Has a Spanish friend ever compared you a to goat?
Has anyone ever asked you if you're the one who cuts the cod at your place?
Don't be surprised, the Spanish use all manner of expressions involving our furry and feathered friends.
Take a walk on the wild side with our list of the weirdest animal sayings used by the Spanish.
To be like a goat is used to describe somebody who's nuts. “¡Está como una cabra!”- He's bonkers.
To lift the hare is like letting the cat out of the bag. “No se quien levantó la liebre pero ahora todo el mundo sabe que suspendí el examen.” – I don't know who let the cat out of the bag but everybody knows I failed my exam.
To kill the worm is to take the edge off your hunger. “A ver si con esta tapa matas el gusanillo.” – Let's see if you take the edge off your hunger with this tapa.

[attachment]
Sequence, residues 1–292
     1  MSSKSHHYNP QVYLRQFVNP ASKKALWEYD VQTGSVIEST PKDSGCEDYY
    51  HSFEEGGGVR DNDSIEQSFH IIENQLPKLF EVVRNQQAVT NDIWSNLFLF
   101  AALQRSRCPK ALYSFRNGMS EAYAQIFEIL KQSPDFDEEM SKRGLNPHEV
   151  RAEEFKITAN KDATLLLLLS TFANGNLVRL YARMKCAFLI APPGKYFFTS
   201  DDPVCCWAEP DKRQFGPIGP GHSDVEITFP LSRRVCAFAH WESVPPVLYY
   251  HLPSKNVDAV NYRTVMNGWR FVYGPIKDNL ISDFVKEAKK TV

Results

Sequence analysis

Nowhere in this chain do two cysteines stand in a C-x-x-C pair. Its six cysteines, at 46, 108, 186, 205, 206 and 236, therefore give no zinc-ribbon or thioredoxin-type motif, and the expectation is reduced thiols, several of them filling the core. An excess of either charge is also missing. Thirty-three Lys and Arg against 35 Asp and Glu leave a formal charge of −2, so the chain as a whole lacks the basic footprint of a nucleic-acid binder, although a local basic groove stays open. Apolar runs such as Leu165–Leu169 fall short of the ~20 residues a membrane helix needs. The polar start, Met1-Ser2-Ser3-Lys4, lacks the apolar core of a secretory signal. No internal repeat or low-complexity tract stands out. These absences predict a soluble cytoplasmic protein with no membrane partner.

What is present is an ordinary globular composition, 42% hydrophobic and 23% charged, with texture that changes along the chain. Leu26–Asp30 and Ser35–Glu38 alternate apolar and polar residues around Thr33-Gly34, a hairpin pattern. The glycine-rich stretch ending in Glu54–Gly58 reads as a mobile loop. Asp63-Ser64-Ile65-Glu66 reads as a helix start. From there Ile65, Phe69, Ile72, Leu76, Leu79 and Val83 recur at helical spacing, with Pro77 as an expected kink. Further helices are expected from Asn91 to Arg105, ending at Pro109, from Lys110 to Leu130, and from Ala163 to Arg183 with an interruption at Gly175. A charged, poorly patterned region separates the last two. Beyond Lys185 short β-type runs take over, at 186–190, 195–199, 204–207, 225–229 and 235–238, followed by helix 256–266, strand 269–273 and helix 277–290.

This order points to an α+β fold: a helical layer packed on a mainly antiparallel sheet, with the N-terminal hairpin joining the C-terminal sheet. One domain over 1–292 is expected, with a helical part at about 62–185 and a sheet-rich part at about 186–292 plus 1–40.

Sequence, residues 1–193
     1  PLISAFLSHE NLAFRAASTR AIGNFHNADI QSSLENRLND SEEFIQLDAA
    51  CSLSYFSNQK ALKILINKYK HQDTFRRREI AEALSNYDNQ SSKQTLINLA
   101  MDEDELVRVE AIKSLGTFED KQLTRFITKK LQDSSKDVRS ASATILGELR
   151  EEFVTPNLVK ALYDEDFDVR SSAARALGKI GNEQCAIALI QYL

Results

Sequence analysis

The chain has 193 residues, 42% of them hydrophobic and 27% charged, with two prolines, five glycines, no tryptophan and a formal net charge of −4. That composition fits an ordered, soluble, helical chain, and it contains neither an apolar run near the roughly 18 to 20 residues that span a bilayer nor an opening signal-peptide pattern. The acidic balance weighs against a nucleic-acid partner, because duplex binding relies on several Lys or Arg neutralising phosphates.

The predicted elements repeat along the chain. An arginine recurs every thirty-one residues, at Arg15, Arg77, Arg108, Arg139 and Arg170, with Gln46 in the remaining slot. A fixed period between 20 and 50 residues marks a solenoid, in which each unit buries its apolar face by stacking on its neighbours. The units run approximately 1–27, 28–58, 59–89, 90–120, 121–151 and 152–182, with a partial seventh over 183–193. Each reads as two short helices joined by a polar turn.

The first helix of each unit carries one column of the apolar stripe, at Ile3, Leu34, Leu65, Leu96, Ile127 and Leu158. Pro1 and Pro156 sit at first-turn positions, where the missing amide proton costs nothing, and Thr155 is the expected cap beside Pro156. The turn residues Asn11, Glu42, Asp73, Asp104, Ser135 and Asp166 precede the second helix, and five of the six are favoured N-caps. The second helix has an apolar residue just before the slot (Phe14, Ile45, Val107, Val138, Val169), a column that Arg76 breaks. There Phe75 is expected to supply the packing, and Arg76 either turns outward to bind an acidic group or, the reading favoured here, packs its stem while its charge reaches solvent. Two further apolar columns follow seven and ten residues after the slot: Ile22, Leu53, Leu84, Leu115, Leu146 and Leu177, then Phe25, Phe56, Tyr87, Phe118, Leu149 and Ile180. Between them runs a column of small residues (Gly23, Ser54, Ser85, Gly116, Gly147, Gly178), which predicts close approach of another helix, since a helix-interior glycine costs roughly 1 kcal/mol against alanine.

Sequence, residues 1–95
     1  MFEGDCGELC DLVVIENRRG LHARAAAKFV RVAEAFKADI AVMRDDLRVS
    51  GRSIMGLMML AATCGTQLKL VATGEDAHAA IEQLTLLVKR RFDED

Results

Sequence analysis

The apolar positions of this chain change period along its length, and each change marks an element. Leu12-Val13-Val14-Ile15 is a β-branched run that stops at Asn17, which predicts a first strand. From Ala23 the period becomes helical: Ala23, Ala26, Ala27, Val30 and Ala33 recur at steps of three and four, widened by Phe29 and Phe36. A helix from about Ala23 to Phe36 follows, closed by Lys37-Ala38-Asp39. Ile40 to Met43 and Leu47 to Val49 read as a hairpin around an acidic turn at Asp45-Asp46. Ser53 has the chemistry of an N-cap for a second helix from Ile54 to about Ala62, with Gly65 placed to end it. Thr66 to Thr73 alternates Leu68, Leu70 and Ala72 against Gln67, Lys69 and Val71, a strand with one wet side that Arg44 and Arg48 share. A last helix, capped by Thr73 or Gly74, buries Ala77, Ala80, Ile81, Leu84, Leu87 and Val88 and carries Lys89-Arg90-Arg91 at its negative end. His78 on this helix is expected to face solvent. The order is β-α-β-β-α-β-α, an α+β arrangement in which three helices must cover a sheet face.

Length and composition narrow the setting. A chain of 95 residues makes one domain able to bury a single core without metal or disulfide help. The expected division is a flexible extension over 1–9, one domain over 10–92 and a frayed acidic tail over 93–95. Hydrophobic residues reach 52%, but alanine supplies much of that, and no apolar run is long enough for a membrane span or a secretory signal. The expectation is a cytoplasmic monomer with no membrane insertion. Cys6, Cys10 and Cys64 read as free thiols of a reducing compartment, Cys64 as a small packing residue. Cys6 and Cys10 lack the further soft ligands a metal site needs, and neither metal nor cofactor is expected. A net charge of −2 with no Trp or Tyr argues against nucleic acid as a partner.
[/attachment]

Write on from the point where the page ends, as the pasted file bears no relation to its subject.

To be a rat is to be tight-fisted. “No seas rata, déjame €5.” – Don't be so tight-fisted, lend me €5.
To pay the duck is to carry the can for something. “Ahora me toca pagar el pato por lo que he hecho.” – Now I have to take responsibility for what I've done.
To cut the cod is to call the shots. “Desde que se fue mi padre, yo soy el que corta el bacalao en esta casa.” – Since my father left, I'm the one who calls the shots in this house.
There's a trapped cat here means there's something fishy going on. “Aquí hay gato encerrado.”
Dogs and sausages
In English you say the streets aren't paved with gold, but in Spain you say the dogs aren't tied up with sausages. “No te vayas a Alemania, ahi los perros no están atados con longanizas.” – Don't go to Germany, the streets aren't paved with gold over there.
When the Spanish get a sweat up, they do it chicken-style. “¡Que calor! Estoy sudando como un pollo!” – It's so hot! I'm sweating like a chicken.
In Spanish, to say someone is weirder than a green dog means they are very odd. “Es más raro que un perro verde, se pone la ropa de su abuela.” – He's so weird, he wears his grandma's clothes.